Whenever a company announces publicly that it has hired an investment bank to explore strategic options, as Napster did today when it issued an advisory telling the world that it has commissioned UBS to investigate a potential sale of the company, it means one of two things.
It can mean that the company — Napster, in this instance — already has a pending acquisition offer in hand, but that it believes it might be able to extract a higher price, either from the first bidder or a new entrant, as a result of publicly proclaiming its exit-oriented intentions. The other possibility is that the company already has beaten the bushes and come up empty, unable to find a company willing to acquire it for whatever the asking price might be.
It’s a high-stakes move, telling the world that you’ve hired an investment bank to find a merger partner or acquirer. It’s risky because, if no buyer steps forward, Napster will be seen as a lame duck by existing and prospective customers, partners, suppliers, and investors.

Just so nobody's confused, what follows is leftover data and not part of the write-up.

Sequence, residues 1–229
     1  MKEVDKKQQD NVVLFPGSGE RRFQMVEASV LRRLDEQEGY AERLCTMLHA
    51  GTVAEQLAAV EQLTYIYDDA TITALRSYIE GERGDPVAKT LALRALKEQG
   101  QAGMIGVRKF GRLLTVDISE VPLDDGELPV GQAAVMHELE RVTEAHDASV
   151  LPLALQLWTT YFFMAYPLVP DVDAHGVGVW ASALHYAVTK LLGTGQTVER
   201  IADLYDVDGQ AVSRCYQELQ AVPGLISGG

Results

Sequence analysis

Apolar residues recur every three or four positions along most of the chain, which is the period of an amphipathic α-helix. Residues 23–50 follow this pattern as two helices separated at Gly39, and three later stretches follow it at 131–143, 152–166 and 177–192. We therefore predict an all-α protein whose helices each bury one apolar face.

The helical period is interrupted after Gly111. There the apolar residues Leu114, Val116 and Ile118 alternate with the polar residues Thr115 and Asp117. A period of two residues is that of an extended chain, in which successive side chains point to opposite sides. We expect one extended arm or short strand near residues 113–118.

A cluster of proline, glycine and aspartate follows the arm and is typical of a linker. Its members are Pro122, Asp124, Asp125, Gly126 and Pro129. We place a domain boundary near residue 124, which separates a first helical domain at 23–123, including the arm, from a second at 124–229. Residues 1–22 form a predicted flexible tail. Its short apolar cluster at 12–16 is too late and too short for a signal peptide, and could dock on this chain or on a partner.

For that reason, I will presume that Napster has a bid in hand, but wants to see whether it can do better by using a megaphone to broadcast its intentions to the wider world. That, too, could backfire. The potential acquirer might decide to walk away, or to look elsewhere. That’s not likely, but it has been known to happen.
Whatever the result of this process, it’s clear that Nokia’s recent acquisition of digital-music distributor Loudeye Corp. provoked hopes and dreams of a successful exit outcome at Napster. The question now is whether those hope and dreams will be fulfilled by a buyer.